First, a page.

Citations

Citations to this article as recorded by  
  • Definition of character for medical education based on expert opinions in Korea
    Yera Hur
    Journal of Educational Evaluation for Health Professions.2021; 18: 26.     CrossRef
  • Special reviews on the history and future of the Korean Institute of Medical Education and Evaluation to memorialize its collaboration with the Korea Health Personnel Licensing Examination Institute to designate JEEHP as a co-official journal
    Sun Huh
    Journal of Educational Evaluation for Health Professions.2020; 17: 33.     CrossRef
Is accreditation in medical education in Korea an opportunity or a burden?  
Hanna Jung, Woo Taek Jeon, Shinki An
J Educ Eval Health Prof. 2020;17:31.   Published online October 21, 2020
DOI: https://doi.org/10.3352/jeehp.2020.17.31
  • 3,363 View
  • 98 Download
  • 3 Citations
AbstractAbstract PDFSupplementary Material
The accreditation process is both an opportunity and a burden for medical schools in Korea. The line that separates the two is based on how medical schools recognize and utilize the accreditation process. In other words, accreditation is a burden for medical schools if they view the accreditation process as merely a formal procedure or a means to maintain accreditation status for medical education. However, if medical schools acknowledge the positive value of the accreditation process, accreditation can be both an opportunity and a tool for developing medical education. The accreditation process has educational value by catalyzing improvements in the quality, equity, and efficiency of medical education and by increasing the available options. For the accreditation process to contribute to medical education development, accrediting agencies and medical schools must first be recognized as partners of an educational alliance working together towards common goals. Secondly, clear guidelines on accreditation standards should be periodically reviewed and shared. Finally, a formative self-evaluation process must be introduced for institutions to utilize the accreditation process as an opportunity to develop medical education. This evaluation system could be developed through collaboration among medical schools, academic societies for medical education, and the accrediting authority.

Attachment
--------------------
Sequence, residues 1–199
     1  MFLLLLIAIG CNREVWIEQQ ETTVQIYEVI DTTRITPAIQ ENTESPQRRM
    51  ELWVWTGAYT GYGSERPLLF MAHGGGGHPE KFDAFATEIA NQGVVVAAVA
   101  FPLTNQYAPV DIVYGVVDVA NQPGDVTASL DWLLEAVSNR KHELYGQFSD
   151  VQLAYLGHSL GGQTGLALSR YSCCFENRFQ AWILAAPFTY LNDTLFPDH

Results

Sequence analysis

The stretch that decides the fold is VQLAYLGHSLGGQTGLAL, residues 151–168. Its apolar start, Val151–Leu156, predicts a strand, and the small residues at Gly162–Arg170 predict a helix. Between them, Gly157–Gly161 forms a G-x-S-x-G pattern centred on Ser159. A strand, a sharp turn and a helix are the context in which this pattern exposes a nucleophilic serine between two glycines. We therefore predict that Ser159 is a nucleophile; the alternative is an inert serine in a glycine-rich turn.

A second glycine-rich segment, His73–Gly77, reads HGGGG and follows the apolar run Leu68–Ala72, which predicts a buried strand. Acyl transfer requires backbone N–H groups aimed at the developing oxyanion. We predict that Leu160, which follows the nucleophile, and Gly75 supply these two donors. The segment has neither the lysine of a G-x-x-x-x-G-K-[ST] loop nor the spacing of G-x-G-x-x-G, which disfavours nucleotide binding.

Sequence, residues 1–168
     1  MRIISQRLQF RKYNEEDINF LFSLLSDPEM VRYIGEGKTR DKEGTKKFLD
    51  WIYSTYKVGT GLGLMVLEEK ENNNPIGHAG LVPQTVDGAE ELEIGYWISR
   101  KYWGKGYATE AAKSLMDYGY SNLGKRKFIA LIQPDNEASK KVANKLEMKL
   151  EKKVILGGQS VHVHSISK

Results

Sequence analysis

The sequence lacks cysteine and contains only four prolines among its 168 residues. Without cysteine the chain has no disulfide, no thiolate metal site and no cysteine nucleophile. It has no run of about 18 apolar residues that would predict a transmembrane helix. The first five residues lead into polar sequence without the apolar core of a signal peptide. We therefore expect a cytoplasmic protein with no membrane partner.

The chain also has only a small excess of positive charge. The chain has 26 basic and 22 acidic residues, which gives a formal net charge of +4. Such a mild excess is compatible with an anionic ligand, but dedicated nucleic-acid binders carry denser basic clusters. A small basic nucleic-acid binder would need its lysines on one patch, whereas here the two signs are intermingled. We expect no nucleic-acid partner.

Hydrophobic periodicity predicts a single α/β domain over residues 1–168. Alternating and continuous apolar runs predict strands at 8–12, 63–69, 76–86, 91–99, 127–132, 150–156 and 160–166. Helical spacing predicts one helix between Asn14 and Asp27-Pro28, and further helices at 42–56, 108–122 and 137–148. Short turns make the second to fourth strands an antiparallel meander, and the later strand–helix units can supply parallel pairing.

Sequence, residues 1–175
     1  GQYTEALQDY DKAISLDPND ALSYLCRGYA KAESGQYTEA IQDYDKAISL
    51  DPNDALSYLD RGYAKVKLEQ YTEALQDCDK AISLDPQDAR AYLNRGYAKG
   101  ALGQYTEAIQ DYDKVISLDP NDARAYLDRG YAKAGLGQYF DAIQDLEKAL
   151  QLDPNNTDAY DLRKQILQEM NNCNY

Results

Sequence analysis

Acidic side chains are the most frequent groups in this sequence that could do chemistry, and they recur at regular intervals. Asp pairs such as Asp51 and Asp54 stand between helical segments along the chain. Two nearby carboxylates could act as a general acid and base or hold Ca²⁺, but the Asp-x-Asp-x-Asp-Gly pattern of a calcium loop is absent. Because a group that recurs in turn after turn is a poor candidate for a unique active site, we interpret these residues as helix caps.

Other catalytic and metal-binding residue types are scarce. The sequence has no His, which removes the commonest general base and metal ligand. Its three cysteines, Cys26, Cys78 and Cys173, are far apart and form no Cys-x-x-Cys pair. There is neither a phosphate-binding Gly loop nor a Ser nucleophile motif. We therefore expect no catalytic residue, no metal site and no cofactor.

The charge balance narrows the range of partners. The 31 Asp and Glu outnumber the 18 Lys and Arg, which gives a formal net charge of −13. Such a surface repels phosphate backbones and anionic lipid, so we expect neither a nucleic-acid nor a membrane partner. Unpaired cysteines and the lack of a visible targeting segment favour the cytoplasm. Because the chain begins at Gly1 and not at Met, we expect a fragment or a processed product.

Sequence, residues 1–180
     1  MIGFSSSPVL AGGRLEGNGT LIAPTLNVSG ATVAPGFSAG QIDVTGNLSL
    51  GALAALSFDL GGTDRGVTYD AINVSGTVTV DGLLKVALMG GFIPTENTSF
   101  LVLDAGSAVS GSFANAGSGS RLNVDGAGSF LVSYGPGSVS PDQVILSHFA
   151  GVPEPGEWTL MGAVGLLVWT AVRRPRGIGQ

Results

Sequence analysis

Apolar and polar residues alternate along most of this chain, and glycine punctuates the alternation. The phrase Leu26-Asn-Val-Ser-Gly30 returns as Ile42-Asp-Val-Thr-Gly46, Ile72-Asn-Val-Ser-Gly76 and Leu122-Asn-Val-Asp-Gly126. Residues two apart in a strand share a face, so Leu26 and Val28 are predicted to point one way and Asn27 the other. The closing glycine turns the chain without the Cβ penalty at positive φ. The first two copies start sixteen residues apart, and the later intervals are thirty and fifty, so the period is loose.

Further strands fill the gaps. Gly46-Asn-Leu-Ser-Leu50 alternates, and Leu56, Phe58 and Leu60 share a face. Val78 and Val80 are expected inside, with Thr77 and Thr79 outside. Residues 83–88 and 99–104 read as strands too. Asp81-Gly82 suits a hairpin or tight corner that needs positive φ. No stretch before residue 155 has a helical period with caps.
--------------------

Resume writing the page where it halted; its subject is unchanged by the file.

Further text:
Citations

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  • Internal evaluation in the faculties affiliated to zanjan university of medical sciences: Quality assurance of medical science education based on institutional accreditation
    Alireza Abdanipour, Farhad Ramezani‐Badr, Ali Norouzi, Mehdi Ghaemi
    Journal of Medical Education Development.2022; 15(46): 61.     CrossRef
  • Development of Mission and Vision of College of Korean Medicine Using the Delphi Techniques and Big-Data Analysis
    Sanghee Yeo, Seong Hun Choi, Su Jin Chae
    Journal of Korean Medicine.2021; 42(4): 176.     CrossRef